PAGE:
Excerpted from The SHRM Blog By Suzanne McAndrew And Lisa Connell
As digitalization and the accompanying democratization of work disrupt traditional business models, organizations are adopting more agile, tech-enabled ways of working. Today, employers are deconstructing jobs and dispersing work around the globe to be completed by diverse pools of talent ranging from free agents to alliance partners to full-time employees.
As organizations and their HR leaders strive to navigate this emerging ecosystem of work, culture is taking center stage. The “job” is no longer the dominant construct connecting workers within organizations. Increasingly, organizational culture is the strongest bond that binds workers together, engaging and connecting diverse talent.
What role do HR executives play in defining and shaping a culture that will attract and engage a fluid, highly distributed workforce? Initial findings from a global joint research initiative between Willis Towers Watson and HR People + Strategy uncover ways in which the role is evolving to accelerate the change agenda needed to grow and develop the next generation HR executives.
Why culture matters in the new work ecosystem
Many HR executives already recognize that culture directly affects a company’s ability to compete for talent in the global marketplace. But the complexity of today’s work ecosystem is putting culture higher on their priority list. Without a cohesive culture to unite a disparate workforce, an organization’s identity can quickly erode, leaving current and prospective workers alike confused about that organization’s purpose and mission.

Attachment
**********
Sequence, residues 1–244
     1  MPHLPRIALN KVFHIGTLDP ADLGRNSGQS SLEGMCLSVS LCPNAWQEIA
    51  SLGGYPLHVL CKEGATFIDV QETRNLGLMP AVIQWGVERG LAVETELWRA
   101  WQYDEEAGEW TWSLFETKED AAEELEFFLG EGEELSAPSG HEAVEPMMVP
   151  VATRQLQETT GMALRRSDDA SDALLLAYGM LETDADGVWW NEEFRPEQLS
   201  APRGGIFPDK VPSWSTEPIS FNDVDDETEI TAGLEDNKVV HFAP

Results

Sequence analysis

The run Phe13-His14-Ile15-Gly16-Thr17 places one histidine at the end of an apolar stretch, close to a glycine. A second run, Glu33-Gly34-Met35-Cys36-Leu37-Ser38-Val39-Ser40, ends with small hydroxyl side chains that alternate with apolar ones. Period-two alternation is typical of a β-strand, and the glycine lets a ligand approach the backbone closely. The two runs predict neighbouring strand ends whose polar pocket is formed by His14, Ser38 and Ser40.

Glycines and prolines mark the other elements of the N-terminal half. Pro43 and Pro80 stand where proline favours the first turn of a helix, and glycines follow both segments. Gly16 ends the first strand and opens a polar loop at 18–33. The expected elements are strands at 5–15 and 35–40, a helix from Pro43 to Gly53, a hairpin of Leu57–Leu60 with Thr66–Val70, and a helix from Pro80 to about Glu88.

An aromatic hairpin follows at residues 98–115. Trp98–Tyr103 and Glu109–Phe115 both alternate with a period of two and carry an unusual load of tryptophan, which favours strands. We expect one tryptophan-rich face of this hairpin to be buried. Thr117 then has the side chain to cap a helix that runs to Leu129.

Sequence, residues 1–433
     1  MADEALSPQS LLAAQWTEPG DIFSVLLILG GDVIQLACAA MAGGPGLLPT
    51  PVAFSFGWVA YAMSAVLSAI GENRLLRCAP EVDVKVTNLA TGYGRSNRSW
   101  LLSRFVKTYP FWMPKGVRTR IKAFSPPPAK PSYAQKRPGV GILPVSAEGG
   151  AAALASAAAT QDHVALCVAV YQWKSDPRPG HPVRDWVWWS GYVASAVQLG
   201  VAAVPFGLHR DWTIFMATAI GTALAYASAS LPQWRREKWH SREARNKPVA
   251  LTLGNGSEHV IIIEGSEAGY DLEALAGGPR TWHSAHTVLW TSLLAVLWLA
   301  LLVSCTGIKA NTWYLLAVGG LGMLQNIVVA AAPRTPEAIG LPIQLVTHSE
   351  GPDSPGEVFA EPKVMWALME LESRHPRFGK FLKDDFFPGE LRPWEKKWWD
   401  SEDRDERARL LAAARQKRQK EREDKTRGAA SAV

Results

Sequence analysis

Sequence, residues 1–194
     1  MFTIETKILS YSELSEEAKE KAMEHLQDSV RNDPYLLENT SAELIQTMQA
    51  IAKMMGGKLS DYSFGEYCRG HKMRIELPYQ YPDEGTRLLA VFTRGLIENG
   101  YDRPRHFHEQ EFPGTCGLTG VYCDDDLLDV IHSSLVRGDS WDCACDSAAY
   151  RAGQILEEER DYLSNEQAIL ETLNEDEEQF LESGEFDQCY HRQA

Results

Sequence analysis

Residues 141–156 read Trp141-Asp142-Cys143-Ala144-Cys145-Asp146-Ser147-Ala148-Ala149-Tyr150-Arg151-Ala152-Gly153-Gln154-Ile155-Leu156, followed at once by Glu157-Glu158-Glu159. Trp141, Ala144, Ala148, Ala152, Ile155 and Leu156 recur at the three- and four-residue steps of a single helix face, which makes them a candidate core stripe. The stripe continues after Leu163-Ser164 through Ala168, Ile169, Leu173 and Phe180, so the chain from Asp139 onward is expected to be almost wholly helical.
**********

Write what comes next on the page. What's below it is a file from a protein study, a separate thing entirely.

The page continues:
Culture is crucially important for companies where talent flows freely in and out of the organization as needed. In an organization without traditional boundaries, people may tend to identify more with intangibles. When work gets done virtually, in a flat, nonhierarchical environment, culture is the mechanism that unites talent by aligning workers to a mission, purpose and values that shape mindsets and behaviors.
Culture also matters because HR professionals need to lead this fluid workforce. Absent traditional authority, HR leaders, with the support of their fellow executive leaders, must articulate a vision and create a culture that will inspire a workforce beyond the traditional boundaries of the organization and serve as a type of soft authority.
Three priorities for HR leaders
The following priorities can help HR leaders in shaping a culture that unites, inspires and guides a disparate workforce through a shared sense of purpose.
1. Building an inclusive and collaborative workforce
While there are many dimensions to formal inclusion and diversity programs, according to the 2018 Willis Towers Watson Getting Compensation Right Survey, these programs typically target gender (87 percent), people with disabilities (61 percent), racial and ethnic groups (53 percent), age groups (55 percent) and sexual preference (41 percent).